Fit for Work rolling out nationwide

The latest from the Governments Fit to Work scheme – GPs are now able to refer patients who have been, or are likely to be, off work sick for four weeks or more. This means employers may start to receive ‘Return to Work Plans’ for their employees.

These are designed to help both employees who are off sick return to work, and employers to manage the impact of sickness absence on their business. They also provide evidence of sickness for pay purposes, replacing the need for a fit note.

Fit for WorkFit for Work helps you to better understand and manage sickness absence within your organisation. Expert and impartial advice is delivered by a team of occupational health professionals. You can chat online to a specialist advisor, email a question or call 0800 032 6235 (English) or 0800 032 6233 (Cymraeg). There is also have a library of advice containing articles on a range of health and work topics.

The Fit for Work referral service is rolling out across England and Wales over the coming months. A gradual roll-out will enable building of experience, learning and implementation improvements into ongoing plans. If you are in a roll out area, and you have employees who are, or are likely to be, off work for four weeks or more, you may start to receive step-by-step Return to Work Plans tailored to your employees’ needs. All employers nationally will be able to refer from autumn 2015.

Sign-up to get involved and receive updates about roll-out of the service.

Employer referrals have now gone live in Scotland. To find out more visit: www.fitforworkscotland.scot

Employers in England and Wales will be able to refer their employees to Fit for Work from the autumn.
To find out more visit: www.fitforwork.org/employer

Credits: DWP Touchbase

“How helpful this service will be is to be proven”

Work is good for your mental health

Thought I’d post an article derived from recent proposals from the Government regarding mental health and employment.

The Government has announced that a further £12 million is being invested to support people with mental health conditions return to work.

Nearly half (46 per cent) of people claiming Employment and Support Allowance (ESA) have mental health conditions. Mental ill-health is estimated to cost taxpayers and businesses £105 billion a year in health and police services, welfare benefits and sickness absence.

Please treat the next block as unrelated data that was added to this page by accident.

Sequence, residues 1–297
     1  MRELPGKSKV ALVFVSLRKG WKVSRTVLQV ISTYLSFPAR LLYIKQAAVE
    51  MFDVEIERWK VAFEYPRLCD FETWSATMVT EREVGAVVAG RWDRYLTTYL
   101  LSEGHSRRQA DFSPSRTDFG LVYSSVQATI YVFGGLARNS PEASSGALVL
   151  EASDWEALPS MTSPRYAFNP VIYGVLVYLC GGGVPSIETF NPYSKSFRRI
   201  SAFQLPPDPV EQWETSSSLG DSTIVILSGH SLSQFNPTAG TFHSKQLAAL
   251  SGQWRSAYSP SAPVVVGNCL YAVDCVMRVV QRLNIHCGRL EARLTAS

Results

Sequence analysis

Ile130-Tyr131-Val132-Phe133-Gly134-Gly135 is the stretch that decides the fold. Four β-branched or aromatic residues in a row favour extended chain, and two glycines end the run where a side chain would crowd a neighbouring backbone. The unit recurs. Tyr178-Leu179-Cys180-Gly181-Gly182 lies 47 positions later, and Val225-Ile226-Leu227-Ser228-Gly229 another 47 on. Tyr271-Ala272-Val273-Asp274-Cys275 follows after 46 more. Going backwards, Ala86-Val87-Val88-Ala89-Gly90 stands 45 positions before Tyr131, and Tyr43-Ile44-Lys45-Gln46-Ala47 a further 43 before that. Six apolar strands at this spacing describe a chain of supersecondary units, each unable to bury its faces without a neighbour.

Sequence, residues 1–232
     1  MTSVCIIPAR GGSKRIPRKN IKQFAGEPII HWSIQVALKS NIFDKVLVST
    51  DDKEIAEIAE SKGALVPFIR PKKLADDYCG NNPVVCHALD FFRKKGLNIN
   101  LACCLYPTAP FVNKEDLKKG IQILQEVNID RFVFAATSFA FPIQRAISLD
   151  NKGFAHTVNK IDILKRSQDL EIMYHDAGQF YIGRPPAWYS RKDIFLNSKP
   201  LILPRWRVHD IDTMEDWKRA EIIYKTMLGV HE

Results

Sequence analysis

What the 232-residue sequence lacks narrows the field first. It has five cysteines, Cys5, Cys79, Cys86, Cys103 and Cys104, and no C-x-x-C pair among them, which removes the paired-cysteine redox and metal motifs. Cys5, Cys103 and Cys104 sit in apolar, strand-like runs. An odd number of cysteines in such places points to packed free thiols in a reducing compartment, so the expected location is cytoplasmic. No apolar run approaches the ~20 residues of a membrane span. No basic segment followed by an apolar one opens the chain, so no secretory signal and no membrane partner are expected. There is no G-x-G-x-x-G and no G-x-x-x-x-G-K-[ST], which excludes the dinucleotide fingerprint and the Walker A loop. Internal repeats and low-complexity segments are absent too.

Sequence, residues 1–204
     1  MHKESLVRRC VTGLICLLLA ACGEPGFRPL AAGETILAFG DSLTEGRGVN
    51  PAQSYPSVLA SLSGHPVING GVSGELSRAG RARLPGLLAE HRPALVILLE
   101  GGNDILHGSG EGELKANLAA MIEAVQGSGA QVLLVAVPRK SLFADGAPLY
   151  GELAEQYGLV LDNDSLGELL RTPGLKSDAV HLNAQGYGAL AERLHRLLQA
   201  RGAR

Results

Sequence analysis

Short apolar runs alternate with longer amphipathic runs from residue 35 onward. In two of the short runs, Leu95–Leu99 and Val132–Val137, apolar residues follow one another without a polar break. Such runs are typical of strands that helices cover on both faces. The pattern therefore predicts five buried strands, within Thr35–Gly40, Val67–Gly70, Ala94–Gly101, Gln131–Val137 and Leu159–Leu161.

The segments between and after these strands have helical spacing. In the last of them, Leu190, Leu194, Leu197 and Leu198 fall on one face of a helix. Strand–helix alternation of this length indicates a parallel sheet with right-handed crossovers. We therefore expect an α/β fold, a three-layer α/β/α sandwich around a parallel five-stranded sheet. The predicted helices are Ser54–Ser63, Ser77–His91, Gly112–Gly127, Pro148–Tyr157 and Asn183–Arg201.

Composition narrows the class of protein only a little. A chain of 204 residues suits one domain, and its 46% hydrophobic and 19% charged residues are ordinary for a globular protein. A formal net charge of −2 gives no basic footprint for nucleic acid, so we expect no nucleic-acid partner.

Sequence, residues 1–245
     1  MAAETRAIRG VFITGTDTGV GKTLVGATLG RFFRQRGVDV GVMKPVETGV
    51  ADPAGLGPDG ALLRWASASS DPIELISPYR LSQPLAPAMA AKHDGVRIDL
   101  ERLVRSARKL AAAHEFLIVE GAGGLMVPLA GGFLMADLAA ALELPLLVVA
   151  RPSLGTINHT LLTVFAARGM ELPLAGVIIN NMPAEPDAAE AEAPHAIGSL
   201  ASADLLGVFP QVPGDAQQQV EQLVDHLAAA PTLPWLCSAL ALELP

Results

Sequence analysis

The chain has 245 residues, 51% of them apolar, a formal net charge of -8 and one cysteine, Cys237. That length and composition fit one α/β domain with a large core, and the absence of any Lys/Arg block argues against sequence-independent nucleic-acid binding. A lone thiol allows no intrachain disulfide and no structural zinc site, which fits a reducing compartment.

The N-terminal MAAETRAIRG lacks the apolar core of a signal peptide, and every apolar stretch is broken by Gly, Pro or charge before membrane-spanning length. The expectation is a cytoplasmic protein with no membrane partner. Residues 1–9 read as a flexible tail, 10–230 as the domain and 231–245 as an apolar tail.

Four pilot areas will use the funding to test whether better coordination of mental health and employment services could help thousands of people find and stay in work as well as to improve their mental health.

Each of the pilots will test a number of different approaches, including:

• Key workers and individual support packages to help claimants create bespoke action plans and coordinate existing local support services;
• Support for new employees to make sure they can stay in work and cope with anxiety and other on-going problems;
• Training employment advisers to identify mental health problems and GPs to recognise the importance of work in improving mental health.

Minister for Welfare Reform Lord Freud said: “We want people with mental health conditions to have the same opportunities in the world or work as everyone else and not simply be written off as often happened in the past.

Lord Freud - Minister for Welfare Reform“That is why we are trialing different types of support to improve employment and health outcomes for people with common mental health problems.”

The four pilot areas are Blackpool, Greater Manchester, North East Combined Authority and West London Alliance. All four pilots were previously announced as part of the
Growth Deals agreements in July 2014 and will measure the impact of integrated services for 5,000 people.

The £12 million investment includes £6 million from the Department for Communities and Local Government and £6 million match-funding from the pilot areas.

A new cross-government Mental Health Taskforce has also been set up to look at the help people need to get back into work and how to improve crisis care and how to improve crisis care and mental health services for young people.

“These proposals look fine on paper, and that’s all. More measures nationally are needed now to assist people with mental health problems and their key workers, many of them having faced redundancy or relocation in the last few years.”